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WHO Pharmaceuticals Newsletter 2005, No. 05
(2005; 13 pages) View the PDF document
Table of Contents
Open this folder and view contentsREGULATORY MATTERS
Open this folder and view contentsSAFETY OF MEDICINES
Open this folder and view contentsPROBLEMS OF CURRENT INTEREST
Open this folder and view contentsFEATURE
 

WHO Pharmaceuticals Newsletter 2005, No. 05

prepared in collaboration with the WHO Collaborating Centre for International Drug Monitoring, Uppsala, Sweden

The aim of this Newsletter is to disseminate information on the safety and efficacy of pharmaceutical products, based on information received from our network of "drug information officers" and other sources such as specialized bulletins and journals, as well as partners in WHO. The information is produced in the form of résumés in English, full texts of which may be obtained on request from:

Quality Assurance and Safety:

Medicines, PSM-HTP
World Health Organization,
1211 Geneva 27, Switzerland
E-mail address: pals@who.int

This newsletter is also available on our Internet website: http://www.who.int/medicines

Further information on adverse reactions may be obtained from the WHO Collaborating Centre for International Drug Monitoring, Stora Torget 3, 753 20 Uppsala, Sweden

Tel: 46-18-65.60.60
Fax: 46-18-65.60.80
E-mail: sten.olsson@who-umc.org
Internet:http://www.who-umc.org

News & Issues

This is the last issue for the year 2005 and includes the usual sections on Regulatory Matters and Safety of Medicines. The article on nevirapine under Problems of Current Interest highlights the need to support improved access and use of medicines with matching patient-monitoring facilities. This has been an eventful year in pharmacovigilance. Rofecoxib, withdrawn towards the end of 2004, continued to occupy our interest with many debates and discussions on the lessons learnt and the way forward. Drug safety in children received a lot of attention and several initiatives are underway for establishing guidelines for the safe use of medicines in this vulnerable population. The 'donation' of expired medicines and poor quality devices such as contaminated syringes to tsunami hit regions highlighted the quality and safety issues in drug donation practices, calling attention to the expanding role for pharmacovigilance centres in promoting medicine safety. The year ended with a meeting of the WHO Advisory Committee on Safety of Medicinal Products which reviewed various issues on drug safety; the Committee's recommendations will be published early next year.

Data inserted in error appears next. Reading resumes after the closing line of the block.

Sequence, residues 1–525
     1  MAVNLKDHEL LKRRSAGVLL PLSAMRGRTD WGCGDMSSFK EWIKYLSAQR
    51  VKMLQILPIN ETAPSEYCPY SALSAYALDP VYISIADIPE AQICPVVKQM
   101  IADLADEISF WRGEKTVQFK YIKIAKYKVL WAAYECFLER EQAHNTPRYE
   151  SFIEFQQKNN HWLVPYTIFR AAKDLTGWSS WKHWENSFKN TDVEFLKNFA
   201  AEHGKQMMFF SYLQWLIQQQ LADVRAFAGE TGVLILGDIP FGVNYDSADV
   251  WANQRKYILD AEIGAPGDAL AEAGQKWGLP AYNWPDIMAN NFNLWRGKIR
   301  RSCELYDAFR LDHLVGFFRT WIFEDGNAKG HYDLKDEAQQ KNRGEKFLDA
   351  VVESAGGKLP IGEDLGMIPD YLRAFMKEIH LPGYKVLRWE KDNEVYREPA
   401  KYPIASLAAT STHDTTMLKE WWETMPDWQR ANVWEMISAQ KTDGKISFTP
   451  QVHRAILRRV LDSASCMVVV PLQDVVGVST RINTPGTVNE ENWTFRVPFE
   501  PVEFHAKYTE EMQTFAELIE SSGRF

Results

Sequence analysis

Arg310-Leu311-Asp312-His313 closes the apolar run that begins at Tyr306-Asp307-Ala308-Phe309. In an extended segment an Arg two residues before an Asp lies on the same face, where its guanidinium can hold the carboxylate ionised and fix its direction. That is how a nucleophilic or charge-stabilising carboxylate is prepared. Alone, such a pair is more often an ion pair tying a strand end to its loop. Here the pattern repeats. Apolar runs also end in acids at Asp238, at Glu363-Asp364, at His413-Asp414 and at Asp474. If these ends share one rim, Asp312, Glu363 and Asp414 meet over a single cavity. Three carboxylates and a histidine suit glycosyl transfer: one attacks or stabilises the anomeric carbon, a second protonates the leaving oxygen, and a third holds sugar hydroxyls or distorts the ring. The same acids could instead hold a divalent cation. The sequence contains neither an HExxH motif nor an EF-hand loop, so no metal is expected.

© World Health Organization 2005

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The designations employed and the presentation of the material in this publication do not imply the expression of any opinion whatsoever on the part of the World Health Organization concerning the legal status of any country, territory, city or area or of its authorities, or concerning the delimitation of its frontiers or boundaries. Dotted lines on maps represent approximate border lines for which there may not yet be full agreement.

The mention of specific companies or of certain manufacturers’ products does not imply that they are endorsed or recommended by the World Health Organization in preference to others of a similar nature that are not mentioned. Errors and omissions excepted, the names of proprietary products are distinguished by initial capital letters.

All reasonable precautions have been taken by WHO to verify the information contained in this publication. However, the published material is being distributed without warranty of any kind, either express or implied. The responsibility for the interpretation and use of the material lies with the reader. In no event shall the World Health Organization be liable for damages arising from its use.

This publication contains the collective views of an international group of experts and does not necessarily represent the decisions or the stated policy of the World Health Organization.

 

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